Let $S$ denote the space of rapidly decreasing sequences, which means sequences $a=(a_k)_{k=1}^\infty$ such that the numbers $p_d(a)=\sup\{k^d|a_k| : 1\leq k<\infty\}$ are finite for all $d\in\mathbb{N}$. We give this space the topology generated by the family of seminorms $p_d$.

Now let $M$ be a compact smooth closed manifold, and consider the space $C^\infty(M)$. For any differential operator $L:C^\infty(M)\to C^\infty(M)$ (of any nonnegative order) we have a seminorm $p_L(f)=\|Lf\|_\infty$, and we give $C^\infty(M)$ the topology determined by this family of seminorms.

By a *basis* for $C^\infty(M)$ I mean a sequence of functions $f_k$ such that the rule $a\mapsto\sum_ka_kf_k$ gives an isomorphism $S\to C^\infty(M)$ of topological vector spaces.

I think it is known that $C^\infty(M)$ always has a basis.

- Is this true, and if so, what is a good reference? I think I have seen it in the literature, but I cannot find it right now.
- Is there a reasonably effective criterion to check whether a given sequence is a basis?
- Suppose that $M$ is a subspace of $\mathbb{R}^m$ defined by polynomial equations (and is still compact and smooth). Is there an effective way to find a basis consisting of polynomial functions? In particular, can I just use a Gröbner basis with respect to degree-lexicographic order?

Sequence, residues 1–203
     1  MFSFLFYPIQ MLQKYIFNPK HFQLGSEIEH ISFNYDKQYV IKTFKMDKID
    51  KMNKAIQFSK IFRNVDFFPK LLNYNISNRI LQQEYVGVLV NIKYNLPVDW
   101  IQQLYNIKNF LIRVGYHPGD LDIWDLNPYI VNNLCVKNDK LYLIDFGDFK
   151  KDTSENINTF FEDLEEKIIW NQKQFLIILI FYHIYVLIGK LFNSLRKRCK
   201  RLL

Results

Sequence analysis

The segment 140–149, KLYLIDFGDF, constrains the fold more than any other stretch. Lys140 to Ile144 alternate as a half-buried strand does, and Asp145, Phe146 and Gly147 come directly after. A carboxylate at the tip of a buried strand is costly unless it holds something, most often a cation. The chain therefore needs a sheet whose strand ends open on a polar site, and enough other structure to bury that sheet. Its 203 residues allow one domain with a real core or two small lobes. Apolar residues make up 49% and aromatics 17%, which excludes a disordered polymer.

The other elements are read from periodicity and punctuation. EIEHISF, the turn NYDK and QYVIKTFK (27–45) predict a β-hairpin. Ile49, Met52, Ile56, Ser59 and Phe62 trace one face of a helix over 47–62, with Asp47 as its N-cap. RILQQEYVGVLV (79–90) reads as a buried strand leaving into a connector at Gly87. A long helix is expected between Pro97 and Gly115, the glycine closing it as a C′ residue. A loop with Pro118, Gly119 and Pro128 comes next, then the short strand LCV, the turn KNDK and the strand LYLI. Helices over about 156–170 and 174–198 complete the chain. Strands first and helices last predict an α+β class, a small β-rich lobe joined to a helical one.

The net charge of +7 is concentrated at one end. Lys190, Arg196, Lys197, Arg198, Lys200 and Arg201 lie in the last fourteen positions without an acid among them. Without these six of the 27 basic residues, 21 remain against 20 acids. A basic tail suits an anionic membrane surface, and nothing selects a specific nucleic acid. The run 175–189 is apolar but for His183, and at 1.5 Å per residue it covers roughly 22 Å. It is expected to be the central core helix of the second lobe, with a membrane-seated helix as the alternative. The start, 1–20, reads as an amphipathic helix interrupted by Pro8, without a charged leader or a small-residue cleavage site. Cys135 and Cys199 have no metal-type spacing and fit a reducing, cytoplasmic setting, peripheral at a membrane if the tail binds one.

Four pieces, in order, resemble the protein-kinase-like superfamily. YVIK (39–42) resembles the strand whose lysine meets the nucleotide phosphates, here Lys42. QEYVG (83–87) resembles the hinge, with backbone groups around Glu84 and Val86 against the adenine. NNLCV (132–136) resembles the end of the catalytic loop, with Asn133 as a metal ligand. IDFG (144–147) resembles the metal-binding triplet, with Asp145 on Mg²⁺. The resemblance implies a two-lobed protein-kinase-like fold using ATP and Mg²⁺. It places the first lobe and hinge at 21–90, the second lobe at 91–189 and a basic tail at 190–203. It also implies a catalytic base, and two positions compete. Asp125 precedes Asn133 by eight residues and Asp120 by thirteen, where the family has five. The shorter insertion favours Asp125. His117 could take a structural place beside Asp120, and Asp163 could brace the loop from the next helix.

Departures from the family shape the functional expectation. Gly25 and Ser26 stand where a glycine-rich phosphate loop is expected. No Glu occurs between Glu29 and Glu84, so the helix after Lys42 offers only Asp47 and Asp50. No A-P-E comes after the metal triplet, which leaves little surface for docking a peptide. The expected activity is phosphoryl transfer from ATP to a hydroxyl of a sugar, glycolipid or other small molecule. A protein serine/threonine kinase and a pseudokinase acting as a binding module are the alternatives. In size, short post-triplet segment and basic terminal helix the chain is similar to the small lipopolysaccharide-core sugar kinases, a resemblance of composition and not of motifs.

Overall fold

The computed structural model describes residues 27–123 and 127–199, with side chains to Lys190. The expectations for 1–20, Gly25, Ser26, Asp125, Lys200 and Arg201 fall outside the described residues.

Here is a little background, partly taken from some notes of Dietmar Vogt:

http://www2.math.uni-wuppertal.de/~vogt/vorlesungen/fs.pdf

When $M=S^1$ we can just take $f_{2k+1}(\cos(\theta),\sin(\theta))=\cos(k\theta)$ and $f_{2k}(\cos(\theta),\sin(\theta))=\sin(k\theta)$. This gives an isomorphism $S\to C^\infty(S^1)$, and of course we can precompose this with any of the many automorphisms of $S$, so $C^\infty(S^1)$ has many different bases. If $(f_j)$ is a basis for $C^\infty(M)$ and $(g_k)$ is a basis for $C^\infty(N)$ then the functions $h_{jk}(x,y)=f_j(x)g_k(y)$, enumerated in a suitable order, will give a basis for $C^\infty(M\times N)$.

If $V$ is any nuclear Frechet space, then a theorem of Komura and Komura shows that $V$ is isomorphic to a subspace of $S^{\mathbb{N}}$. I do not understand all the issues here, but it seems like there is not too much difference between $S$, $S^{\mathbb{N}}$ and subspaces of $S^{\mathbb{N}}$. It is certainly known that $C^\infty(M)$ is always a Frechet space. Vogt's notes show that when $U$ is a nonempty open subset of $\mathbb{R}^m$, the space $C^\infty(U)$ is isomorphic to $S^{\mathbb{N}}$. If we choose $U$ to be a tubular neighbourhood of an embedded copy of $M$, then $M$ will be a retract of $U$ and so $C^\infty(M)$ will be isomorphic to a summand in $C^\infty(U)$, and thus to a summand in $S^{\mathbb{N}}$.